On this day in 1692, Robert Masfen wrote a letter to Thomas Bowrey from on board the William & Mary at Ingelee (probably a village in India but I have been unable to positively identify the location). This is just one of many long, rambling letters by which Masfen kept Bowrey up to date with business in the East and, more importantly, with news of the people among whom he had spent most of his life. For the first four years back in England, Bowrey spent as much time looking back as to the future.
Henry Alford, to whom Bowrey had assigned his power of attorney, had died and was buried at Fort St George with his wives. Masfen’s sister, Philadelphia, a widow with three children had married Charles Sherer, like Bowrey an independent merchant and mariner. Philadelphia’s children had been sent home to live with her mother and sister in England. Sherer made purchases on Bowrey’s behalf. In return, Bowrey paid Masfen’s mother for looking after the children.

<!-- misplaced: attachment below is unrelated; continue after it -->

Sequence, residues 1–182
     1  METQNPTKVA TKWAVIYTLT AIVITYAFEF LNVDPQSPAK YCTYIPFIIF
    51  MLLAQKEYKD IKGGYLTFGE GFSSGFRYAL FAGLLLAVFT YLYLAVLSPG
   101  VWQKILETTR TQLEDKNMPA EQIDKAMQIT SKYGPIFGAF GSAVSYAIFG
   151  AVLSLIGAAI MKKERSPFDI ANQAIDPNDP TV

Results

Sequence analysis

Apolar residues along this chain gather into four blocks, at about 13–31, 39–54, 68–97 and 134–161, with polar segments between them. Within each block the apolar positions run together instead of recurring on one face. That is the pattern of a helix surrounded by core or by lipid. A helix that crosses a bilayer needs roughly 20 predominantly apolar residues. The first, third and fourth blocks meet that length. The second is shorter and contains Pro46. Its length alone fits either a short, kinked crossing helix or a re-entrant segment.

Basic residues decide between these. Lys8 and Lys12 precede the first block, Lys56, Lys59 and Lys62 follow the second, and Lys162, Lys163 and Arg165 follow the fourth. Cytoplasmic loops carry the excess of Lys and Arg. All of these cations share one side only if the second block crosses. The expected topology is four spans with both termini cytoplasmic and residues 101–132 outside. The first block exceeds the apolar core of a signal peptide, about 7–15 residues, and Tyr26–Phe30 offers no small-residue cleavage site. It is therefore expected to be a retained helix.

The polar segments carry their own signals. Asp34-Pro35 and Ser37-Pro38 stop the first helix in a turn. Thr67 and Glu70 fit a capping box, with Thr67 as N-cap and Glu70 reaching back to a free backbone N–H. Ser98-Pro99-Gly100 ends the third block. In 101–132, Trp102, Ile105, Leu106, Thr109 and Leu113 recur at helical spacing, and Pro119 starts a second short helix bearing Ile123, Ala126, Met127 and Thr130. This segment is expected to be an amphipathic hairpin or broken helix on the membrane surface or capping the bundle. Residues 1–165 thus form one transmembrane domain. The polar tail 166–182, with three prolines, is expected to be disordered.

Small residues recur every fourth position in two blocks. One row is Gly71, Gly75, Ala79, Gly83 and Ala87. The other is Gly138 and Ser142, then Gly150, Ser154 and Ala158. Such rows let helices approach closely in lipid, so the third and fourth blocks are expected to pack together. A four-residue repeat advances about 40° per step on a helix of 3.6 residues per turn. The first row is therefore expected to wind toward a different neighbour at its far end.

Masfen’s first wife had died and he needed help looking after his son, Bowrey’s godson named Thomas after him, and remarried despite have no real desire to do so. Despite his reluctance, he considered himself lucky to have found another good wife. Masfen had been very ill and wrote frequently of wanting to return home, possibly reminding Bowrey of his own later years in India, and he sent many personal items to his old friend. Some make me question the choices though. Why would a man wish to wear a periwig, cravat and ruffles in the tropics?